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A decree that took effect on October 21, 2022 would allow the government to “monitor all of your Internet, computer and mobile communications,” alarmed netizens in posts shared thousands of times on Facebook and Twitter since that date. Some even present this text as a means for the police to “listen to all our phone conversations”. If Prime Minister Elisabeth Borne’s decree came into effect on October 21, it would order telecom operators, web hosts and website publishers to keep “traffic and location data” for a year. It does not introduce any new obligation to protect this metadata, regarding the technical details of a communication, this practice has been in place for years to facilitate possible legal investigations, as explained by several digital law specialists at AFP . A member of the association for the protection of Internet liberties, La Quadrature du Net, however, recalls that this metadata makes possible the “cross-checking of many elements in private life”, which explains why the question of their protection gave trigger, on a European scale, a “judicial saga”.
“The government organizes a tool for the general control and monitoring of exchanges [téléphoniques] and internet among citizens for one year“From OCTOBER 21, the state will monitor all your communications on the Internet, computer and mobile”, have been alerted by Internet users in Facebook publications.1) or Twitter (2, 3) accumulating thousands of shares as of October 21, 2022.
They cite, as a source, a decree of Prime Minister Elisabeth Borne issued on October 17, 2022 and available on the Légifrance website or an article from the “Planetes360” website. repeating the content of this text.
“Want to talk unattended? You were already, but there, from October 21, 2022, it will be legal“, meanwhile ahead on his Facebook page former yellow vests Maxime Nicolle, sharing the connection of the same decree, while that a Twitter user denounces this text that “it allows the police to listen to all our phone conversations“.
If this decree “ordering, in view of the serious and present threat to national security, the retention for a period of one year of certain categories of connection data“came into effect on October 21 and provides that telephone and Internet service providers, as well as website hosts and publishers, must”store, for a period of one year, traffic and location data“, it does not impose any new obligations to protect this information, as some digital law specialists explain to AFP.
“There is nothing new in this decree, electronic communications operators and site hosts and publishers have had the obligation to store connection data for years.“, explains Frédéric Forster, lawyer at Lexing Alain Bensoussan and specialist in telecom law.
“This decree does not bring anything new in practice“, also tells Noémie Levain, lawyer at La Quadrature du net, an association for the protection and promotion of rights and freedoms on the Internet, while emphasizing that“does not record phone conversations“, contrary to what some publications claim, “but the metadata“.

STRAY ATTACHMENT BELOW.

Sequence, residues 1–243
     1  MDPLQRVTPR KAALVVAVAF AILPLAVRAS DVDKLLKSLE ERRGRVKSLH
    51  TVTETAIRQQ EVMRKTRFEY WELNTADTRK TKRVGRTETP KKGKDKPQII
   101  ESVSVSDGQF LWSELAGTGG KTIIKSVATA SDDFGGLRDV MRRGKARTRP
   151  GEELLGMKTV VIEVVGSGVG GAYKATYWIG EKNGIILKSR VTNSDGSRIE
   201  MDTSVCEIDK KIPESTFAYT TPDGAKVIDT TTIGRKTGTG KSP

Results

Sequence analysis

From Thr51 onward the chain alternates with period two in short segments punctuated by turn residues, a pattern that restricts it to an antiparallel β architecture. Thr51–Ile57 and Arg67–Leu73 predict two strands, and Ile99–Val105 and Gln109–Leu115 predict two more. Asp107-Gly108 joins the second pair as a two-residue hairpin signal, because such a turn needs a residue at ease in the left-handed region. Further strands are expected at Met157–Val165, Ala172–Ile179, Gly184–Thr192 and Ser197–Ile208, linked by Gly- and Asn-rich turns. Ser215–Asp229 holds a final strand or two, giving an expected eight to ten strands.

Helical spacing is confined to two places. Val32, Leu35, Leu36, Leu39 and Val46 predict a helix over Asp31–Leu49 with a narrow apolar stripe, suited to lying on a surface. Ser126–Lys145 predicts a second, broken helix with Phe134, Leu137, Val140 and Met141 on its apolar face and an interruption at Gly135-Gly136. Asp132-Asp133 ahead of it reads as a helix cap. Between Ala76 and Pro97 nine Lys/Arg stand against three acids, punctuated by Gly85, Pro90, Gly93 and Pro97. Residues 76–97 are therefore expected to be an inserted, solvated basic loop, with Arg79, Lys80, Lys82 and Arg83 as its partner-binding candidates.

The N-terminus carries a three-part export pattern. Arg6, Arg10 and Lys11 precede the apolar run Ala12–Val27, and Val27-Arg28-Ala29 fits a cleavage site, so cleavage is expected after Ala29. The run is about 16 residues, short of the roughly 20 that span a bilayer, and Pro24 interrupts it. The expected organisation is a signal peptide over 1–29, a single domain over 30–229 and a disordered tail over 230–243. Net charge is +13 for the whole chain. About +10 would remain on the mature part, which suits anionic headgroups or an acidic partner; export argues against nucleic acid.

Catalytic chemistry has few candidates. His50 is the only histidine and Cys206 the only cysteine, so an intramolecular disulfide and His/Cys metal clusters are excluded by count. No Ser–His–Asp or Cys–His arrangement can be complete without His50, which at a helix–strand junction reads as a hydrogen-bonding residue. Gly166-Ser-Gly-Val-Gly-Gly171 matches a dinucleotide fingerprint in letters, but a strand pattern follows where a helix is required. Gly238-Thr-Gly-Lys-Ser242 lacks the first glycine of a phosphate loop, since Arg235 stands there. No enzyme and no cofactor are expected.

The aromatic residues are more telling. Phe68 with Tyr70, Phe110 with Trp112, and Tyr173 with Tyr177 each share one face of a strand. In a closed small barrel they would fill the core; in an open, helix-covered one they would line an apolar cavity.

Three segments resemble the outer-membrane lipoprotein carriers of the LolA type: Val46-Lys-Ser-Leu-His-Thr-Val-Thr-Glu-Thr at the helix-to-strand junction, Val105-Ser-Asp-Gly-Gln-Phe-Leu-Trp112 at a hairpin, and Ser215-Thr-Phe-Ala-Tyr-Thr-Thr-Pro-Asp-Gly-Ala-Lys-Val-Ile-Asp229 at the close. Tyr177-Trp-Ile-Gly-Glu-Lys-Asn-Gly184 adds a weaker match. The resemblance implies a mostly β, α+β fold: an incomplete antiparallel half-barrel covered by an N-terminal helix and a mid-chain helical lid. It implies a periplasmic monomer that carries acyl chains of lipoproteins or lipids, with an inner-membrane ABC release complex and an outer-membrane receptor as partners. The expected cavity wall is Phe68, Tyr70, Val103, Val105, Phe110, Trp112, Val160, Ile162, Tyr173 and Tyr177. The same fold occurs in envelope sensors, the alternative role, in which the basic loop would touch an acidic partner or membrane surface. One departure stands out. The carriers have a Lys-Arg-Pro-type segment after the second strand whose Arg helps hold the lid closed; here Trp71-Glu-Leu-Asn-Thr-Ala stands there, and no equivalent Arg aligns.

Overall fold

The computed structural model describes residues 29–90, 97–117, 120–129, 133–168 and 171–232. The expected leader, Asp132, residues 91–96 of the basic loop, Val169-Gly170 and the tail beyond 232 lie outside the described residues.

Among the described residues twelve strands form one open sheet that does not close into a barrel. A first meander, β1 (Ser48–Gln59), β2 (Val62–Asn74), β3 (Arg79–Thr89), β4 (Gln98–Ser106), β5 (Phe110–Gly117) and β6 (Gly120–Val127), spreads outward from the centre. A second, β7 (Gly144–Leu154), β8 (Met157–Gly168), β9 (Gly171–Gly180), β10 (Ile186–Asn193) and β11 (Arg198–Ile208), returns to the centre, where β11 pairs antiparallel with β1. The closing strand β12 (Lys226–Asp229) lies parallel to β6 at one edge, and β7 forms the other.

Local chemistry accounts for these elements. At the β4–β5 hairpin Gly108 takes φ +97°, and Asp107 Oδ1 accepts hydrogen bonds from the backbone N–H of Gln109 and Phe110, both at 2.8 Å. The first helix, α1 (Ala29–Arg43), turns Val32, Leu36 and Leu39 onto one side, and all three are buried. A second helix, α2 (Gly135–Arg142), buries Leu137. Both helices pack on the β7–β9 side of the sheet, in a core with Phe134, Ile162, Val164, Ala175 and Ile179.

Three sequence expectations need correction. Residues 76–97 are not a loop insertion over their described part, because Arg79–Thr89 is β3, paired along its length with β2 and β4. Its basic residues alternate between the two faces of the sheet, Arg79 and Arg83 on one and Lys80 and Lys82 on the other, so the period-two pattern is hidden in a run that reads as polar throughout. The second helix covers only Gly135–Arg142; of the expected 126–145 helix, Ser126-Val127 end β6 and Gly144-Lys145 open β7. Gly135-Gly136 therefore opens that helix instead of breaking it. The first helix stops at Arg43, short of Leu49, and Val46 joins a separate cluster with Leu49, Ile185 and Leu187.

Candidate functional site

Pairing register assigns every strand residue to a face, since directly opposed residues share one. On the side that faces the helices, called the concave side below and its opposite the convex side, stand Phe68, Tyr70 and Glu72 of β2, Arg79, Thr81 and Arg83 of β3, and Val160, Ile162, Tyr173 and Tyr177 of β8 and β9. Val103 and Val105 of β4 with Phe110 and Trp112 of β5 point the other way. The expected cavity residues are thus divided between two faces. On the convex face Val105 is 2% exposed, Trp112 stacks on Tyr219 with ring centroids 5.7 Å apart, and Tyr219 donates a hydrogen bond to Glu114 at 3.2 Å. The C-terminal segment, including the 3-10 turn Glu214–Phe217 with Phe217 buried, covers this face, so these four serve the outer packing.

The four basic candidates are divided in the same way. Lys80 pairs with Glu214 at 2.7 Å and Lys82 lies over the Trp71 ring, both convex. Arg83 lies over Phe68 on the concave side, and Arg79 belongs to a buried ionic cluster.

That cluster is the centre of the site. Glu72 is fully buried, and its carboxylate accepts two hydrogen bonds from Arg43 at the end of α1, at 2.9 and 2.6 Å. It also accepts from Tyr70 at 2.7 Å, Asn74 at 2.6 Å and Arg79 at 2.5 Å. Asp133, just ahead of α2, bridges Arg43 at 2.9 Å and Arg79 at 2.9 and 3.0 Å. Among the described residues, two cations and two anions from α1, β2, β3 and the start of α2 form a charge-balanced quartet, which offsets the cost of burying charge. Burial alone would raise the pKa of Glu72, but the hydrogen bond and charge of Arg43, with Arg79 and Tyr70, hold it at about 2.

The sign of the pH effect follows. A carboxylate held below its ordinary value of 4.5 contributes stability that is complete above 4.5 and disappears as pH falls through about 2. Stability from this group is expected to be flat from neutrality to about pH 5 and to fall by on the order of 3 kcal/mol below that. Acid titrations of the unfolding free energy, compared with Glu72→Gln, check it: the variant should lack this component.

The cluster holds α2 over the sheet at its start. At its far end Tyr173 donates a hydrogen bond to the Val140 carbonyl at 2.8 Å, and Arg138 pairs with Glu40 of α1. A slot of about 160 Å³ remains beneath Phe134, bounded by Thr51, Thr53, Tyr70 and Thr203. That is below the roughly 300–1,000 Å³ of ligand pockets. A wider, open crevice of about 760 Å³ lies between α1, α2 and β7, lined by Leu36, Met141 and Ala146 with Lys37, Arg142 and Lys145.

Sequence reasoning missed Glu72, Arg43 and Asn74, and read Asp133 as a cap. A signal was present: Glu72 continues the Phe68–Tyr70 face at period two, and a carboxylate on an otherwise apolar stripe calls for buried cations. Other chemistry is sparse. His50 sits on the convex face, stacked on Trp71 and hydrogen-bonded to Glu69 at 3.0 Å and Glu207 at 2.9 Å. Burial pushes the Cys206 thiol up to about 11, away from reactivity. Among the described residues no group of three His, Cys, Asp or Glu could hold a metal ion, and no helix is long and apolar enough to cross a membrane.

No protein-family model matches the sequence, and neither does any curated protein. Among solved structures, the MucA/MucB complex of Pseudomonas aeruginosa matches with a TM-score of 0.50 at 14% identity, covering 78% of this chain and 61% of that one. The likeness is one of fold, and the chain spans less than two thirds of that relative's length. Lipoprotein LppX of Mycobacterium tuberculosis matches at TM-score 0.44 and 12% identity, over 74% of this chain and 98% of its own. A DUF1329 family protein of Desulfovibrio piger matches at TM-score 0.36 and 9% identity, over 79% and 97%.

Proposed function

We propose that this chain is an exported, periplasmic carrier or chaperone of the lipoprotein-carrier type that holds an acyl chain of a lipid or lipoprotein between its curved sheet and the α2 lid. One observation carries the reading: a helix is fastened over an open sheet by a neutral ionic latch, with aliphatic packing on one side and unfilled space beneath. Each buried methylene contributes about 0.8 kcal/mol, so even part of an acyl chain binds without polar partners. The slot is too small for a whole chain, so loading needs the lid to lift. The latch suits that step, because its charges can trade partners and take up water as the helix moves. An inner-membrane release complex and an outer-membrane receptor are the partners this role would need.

“This is all data that revolves around communication. For a phone call, these are the numbers of the two correspondents, the time of the call. On the Internet it is the IP address, the connection time… Basically, this remains problematic because this metadata potentially makes it possible to intersect many elements in private life.“, she continues.
“All these technical identifiers unrelated to the content of a communication are like the envelope into which a letter slips. This information is already very accurate and makes it possible to make discounts on many thingss”, there are many Bastien Le Querrec, jurist and also member of La Quadrature du net.
A long practice in France
As Noémie Levain reminds us, this obligation to store metadata from telecom operators and website hosts or publishers “in case the police are required to consult with them“dates from the early 2000s, the decree of October 17, 2022 is only “the culmination of a long-running legal saga“.
“The first texts date from March 2003, with homeland security lawin response to the attacks of September 11, 2001“, emphasizes Frédéric Forster.
In July 2004, a law amended Article L34-1 of the Postal and Electronic Communications Code (CPC), which now there is whatOperators of electronic communications, and in particular persons whose activity is to provide access to communications services to the public on the Internet, delete or anonymize any traffic data“but than these”operations that tend to delete or anonymize certain categories of technical data“can be postponed”for a maximum period of one year“for”the needs of investigation, observation and prosecution of criminal offences“, in”the sole purpose of allowing“, if necessary, “providing information to the judicial authority“.
In 2014, a “overthrow” of the Court of Justice of the European Union
Two years later, March 15, 2006a European directive maintains this principle for all Member States, responsible for ensuring that data relating to communications via telephone or internet “are kept a minimum of six months and a maximum of two years from the date of communication“, and can”be transmitted without delay to the competent authorities“.